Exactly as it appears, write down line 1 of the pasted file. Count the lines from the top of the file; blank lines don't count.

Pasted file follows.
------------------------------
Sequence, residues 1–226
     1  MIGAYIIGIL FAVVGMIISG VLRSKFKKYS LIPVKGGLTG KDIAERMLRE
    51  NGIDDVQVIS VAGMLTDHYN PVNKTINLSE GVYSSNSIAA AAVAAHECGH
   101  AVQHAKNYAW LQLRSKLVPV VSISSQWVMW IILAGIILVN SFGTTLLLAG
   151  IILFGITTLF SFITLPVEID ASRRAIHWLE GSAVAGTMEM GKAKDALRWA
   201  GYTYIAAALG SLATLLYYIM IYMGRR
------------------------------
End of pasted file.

Sequence, residues 1–226